Flip through the ESPN family of channels and a familiar face might pop up from time to time. Doug Kezirian, former sports director and anchor for Las Vegas’ ABC affiliate (KTNV Channel 13), is living the dream, working for one of the largest sports networks in the world—appearing on SportsCenter on ESPN, ESPN2 and ESPNNews, along with other ESPN shows.
The Brown University graduate and former water polo standout spent more than six years in Las Vegas after making stops in Missouri and Iowa. Kezirian, who lives in West Hartford, Conn., near the ESPN Campus in Bristol, took time to talk about his Vegas experience and what it’s like working for the “worldwide leader in sports.”
What was your favorite thing about covering sports in Las Vegas? The variety, without a doubt. Other conventional markets can force you to have a similar broadcast as your competitors, and the cycle of news can become monotonous. Las Vegas offered such variety with events and random appearances and a smorgasbord of sports topics. My favorite time was when my competition had different leading stories. It really challenged you to think outside of the box and generate cool angles for our viewers.
What do you think Las Vegas needs to do to attract a professional team from one of the major sports leagues? It all stems from an arena. If you build it, they will come. The owner needs to feel confident that you can have the suite sales and be able to compete from an entertainment standpoint with competition on the Strip. Your product has to be top-of-the-line. A team like the Milwaukee Bucks won’t succeed in Vegas. And the NFL is obviously never going to come. The NBA and NHL could survive there, but it has to be done effectively. I would assume the most logical outcome to be the owner of the team owning the arena. That would enable the arena owner to use it for concerts and other festivities and fights.
Other than the variety of sports, what do you miss the most about Las Vegas? It’s a great place to live. Living there for six years, I’ve developed some friends that I don’t get to see anymore. Las Vegas has great weather 10 months of the year. You get amenities other people don’t get. I miss the mere convenience of getting a quality steak at 1 a.m., and the other options for people who work late nights. At the end of the day, it’s a fun city.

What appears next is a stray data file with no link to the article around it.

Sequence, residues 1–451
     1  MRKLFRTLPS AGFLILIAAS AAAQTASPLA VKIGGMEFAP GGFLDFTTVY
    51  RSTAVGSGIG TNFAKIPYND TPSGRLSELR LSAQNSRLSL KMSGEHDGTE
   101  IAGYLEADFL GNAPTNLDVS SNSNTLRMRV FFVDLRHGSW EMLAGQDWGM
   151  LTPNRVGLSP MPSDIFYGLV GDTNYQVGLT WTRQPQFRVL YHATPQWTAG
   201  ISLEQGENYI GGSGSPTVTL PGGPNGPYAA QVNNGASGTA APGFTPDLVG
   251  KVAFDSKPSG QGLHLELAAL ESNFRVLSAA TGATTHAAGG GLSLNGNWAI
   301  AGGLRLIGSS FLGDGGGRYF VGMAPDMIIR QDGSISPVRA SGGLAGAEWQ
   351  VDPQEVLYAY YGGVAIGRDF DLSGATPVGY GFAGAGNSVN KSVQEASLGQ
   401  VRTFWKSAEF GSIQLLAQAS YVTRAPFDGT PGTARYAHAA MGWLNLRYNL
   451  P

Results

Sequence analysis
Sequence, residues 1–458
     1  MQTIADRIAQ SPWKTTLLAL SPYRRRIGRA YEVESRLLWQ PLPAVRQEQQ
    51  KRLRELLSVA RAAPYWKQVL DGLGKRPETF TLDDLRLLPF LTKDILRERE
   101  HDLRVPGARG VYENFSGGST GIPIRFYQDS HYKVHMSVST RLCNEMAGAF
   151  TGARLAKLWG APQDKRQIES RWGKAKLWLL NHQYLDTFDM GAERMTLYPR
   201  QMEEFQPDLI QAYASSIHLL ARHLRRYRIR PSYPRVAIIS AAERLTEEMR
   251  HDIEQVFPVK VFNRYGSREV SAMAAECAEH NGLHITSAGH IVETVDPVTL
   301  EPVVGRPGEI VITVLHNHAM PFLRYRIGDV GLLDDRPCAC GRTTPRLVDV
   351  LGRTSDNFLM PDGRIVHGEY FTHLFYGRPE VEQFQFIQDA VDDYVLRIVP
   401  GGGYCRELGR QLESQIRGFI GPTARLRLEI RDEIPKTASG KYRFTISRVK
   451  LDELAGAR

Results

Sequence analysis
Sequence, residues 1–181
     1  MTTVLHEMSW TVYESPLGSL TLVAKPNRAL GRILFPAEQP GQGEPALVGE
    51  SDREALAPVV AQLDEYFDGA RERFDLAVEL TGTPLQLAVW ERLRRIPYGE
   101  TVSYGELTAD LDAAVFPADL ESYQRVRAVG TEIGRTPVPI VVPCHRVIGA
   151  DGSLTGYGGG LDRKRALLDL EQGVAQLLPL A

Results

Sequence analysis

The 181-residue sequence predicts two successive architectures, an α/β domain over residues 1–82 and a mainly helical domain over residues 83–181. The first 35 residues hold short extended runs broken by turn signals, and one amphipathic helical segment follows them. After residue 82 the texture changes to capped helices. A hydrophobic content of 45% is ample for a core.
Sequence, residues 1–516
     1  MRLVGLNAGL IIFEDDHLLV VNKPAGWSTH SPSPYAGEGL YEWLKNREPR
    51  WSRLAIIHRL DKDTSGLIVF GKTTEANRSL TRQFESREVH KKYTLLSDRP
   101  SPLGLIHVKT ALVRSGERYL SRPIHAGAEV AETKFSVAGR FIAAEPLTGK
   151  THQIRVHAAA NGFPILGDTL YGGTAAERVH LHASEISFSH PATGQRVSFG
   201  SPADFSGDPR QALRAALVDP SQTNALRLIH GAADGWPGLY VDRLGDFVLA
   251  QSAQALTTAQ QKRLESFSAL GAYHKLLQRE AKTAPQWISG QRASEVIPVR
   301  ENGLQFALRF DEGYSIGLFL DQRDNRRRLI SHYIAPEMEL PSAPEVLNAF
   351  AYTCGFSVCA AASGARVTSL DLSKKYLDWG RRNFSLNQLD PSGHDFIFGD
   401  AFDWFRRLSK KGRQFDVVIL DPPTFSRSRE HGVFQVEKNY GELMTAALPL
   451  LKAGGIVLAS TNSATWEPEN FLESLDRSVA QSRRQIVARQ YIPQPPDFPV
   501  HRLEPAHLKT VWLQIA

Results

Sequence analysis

How is it working for ESPN? It was always something I dreamed of, and I’ve loved it since Day 1. It’s a challenge because of the workload and the sheer size of the company. But gradually, I’ve adjusted. Now I just need to improve on a daily basis and enjoy the ride. I’ve been most impressed with the quality of my coworkers, ranging from production assistants to senior executives. The other anchors have been awesome. All of them have been welcoming and treated me like an equal. Everyone is on his or her game.
Are the ESPN offices much like they’re portrayed in the “This is SportsCenter” advertisements, with various athletes roaming around? Those commercials are pretty accurate. I remember when [49ers receiver] Michael Crabtree tore his Achilles. I happened to see [49ers legend] Jerry Rice at the printer. I asked him about the situation and what it was like to have the potential of that injury. I’ve also been in the cafeteria where [former Major League pitcher] Curt Schilling asked me if I’d tried the pasta. So you definitely have those moments similar to the commercials. The marketing and advertising campaign is showing that ESPN is where sports happen, and I feel that’s a fair representation, whether it’s an active athlete walking around for an interview or a former athlete who works for our staff.
What has been the best moment working for ESPN? My first time ever anchoring SportsCenter is something I’ll remember. I’ve been lucky enough to interview some of the world’s best athletes, like Kobe Bryant and LeBron James. I’ve been to the NBA Finals and Super Bowl. But it was a different feeling or rush sitting in the anchor chair of SportsCenter. I grew up watching it, and I’ve committed my career to sports broadcasting, so it’s a surreal feeling.